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​The world's three largest music publishers now control over 10 million tracks

Sony, Universal, and Warner all take a lion’s share of the world’s top music

  • Gemma Ross
  • 21 October 2022
​The world's three largest music publishers now control over 10 million tracks

Three of the world’s biggest music publishers are now slated to own, or control, a total of 10 million songs between them.

According to Music Business Worldwide, the statistic showed that Sony Music Publishing, Universal Music Publishing Group, and Warner Chappell Music each take a lion’s share of the world’s top tracks.

10 million songs are either owned or administered collectively between the three groups in a world first. Though, MBW also notes that this figure also accounts for each company’s offshoot publishing groups.

Read this next: Royalty rates for publishers and musicians set to be raised by copyright royalty board

A recent fiscal filing from Sony showed that at the end of March 2022, the company controlled a huge 5.46 million songs, up by a million since March 2019. That figure also accounts for Sony’s buy-up of EMI Music Publishing, which was purchased by the group for $2.3 billion in 2018.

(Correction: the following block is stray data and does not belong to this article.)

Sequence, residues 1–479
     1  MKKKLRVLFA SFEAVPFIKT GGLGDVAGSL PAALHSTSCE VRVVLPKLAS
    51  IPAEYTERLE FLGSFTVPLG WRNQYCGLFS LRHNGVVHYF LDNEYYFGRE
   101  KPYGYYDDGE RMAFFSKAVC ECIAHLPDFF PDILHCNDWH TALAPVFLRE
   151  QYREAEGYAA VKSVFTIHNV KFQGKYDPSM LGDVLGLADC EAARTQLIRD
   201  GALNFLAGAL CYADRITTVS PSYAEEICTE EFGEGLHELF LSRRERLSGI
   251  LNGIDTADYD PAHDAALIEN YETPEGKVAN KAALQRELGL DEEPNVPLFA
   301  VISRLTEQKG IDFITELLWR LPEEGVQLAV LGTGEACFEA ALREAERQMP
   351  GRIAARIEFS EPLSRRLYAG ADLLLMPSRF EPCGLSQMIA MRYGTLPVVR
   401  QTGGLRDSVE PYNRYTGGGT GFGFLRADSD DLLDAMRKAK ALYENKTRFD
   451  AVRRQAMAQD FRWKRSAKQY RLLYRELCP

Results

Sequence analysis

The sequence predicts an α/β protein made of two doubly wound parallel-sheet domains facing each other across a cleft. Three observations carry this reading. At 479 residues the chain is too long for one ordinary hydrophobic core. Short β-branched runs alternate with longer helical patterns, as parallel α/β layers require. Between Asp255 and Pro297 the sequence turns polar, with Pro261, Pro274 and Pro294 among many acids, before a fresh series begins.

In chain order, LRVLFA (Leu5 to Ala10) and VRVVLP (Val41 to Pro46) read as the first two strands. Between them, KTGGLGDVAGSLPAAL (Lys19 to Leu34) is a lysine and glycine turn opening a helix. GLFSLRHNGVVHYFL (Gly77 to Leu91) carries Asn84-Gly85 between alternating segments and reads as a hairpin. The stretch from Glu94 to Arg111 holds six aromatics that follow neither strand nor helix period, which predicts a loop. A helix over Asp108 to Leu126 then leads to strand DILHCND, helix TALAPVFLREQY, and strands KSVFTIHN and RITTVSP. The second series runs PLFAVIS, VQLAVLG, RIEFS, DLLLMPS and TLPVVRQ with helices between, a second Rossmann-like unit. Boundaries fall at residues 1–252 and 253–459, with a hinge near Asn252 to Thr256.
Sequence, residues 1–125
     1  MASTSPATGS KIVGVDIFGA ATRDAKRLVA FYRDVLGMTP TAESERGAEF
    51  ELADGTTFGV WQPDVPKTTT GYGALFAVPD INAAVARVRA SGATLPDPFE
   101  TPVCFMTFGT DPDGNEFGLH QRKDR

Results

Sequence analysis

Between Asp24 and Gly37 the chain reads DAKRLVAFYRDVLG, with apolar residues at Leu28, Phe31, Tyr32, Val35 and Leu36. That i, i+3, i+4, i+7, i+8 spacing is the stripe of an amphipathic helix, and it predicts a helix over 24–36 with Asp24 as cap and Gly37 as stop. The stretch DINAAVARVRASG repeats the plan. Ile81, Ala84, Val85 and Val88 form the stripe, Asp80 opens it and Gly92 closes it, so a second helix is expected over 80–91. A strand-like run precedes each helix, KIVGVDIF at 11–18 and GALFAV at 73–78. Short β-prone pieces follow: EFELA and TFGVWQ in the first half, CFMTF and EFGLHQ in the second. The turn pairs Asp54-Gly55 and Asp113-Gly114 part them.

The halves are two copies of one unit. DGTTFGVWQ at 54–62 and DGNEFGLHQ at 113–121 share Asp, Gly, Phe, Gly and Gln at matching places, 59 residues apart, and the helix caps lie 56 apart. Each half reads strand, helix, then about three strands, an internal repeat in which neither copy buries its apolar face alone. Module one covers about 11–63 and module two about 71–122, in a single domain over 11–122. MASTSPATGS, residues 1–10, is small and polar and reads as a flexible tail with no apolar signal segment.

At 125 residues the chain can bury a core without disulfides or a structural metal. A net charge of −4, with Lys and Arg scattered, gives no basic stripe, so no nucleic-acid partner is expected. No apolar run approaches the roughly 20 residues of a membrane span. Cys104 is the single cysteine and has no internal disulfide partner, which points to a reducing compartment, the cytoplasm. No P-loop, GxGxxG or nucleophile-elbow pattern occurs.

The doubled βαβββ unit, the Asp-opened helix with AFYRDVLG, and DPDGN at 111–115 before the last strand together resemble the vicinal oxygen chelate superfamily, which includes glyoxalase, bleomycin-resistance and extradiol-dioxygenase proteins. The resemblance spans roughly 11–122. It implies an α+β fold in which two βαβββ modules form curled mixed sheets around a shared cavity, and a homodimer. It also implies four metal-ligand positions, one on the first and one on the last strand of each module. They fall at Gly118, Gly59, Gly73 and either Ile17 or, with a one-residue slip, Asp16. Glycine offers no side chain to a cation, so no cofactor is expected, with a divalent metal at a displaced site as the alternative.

MBW also found that Universal Music Group owned or controlled some “four million titles” by the end of 2021. As of 2020, the company stated that it owned more than three million copyrights, up close to a million in two years.

In new updates from Warner, the group disclosed that it now represents “works by over 100,000 songwriters and composers, with a global collection of more than one million musical compositions”.

Read this next: Kobalt Music pulls 700,000 tracks from Facebook and Instagram

As the figures stand, the three companies own or control more than 10 million titles between them, which include some of the biggest chart toppers and world-renowned tracks over the course of music history.

Despite the startling numbers, MBW also noted that many of these songs are “duplicates”, meaning they could be administered by “two or even all three” of the major publishing companies if they have more than one writer across each group.

[Via Music Business Worldwide]

Gemma Ross is Mixmag's Editorial Assistant, follow her on Twitter

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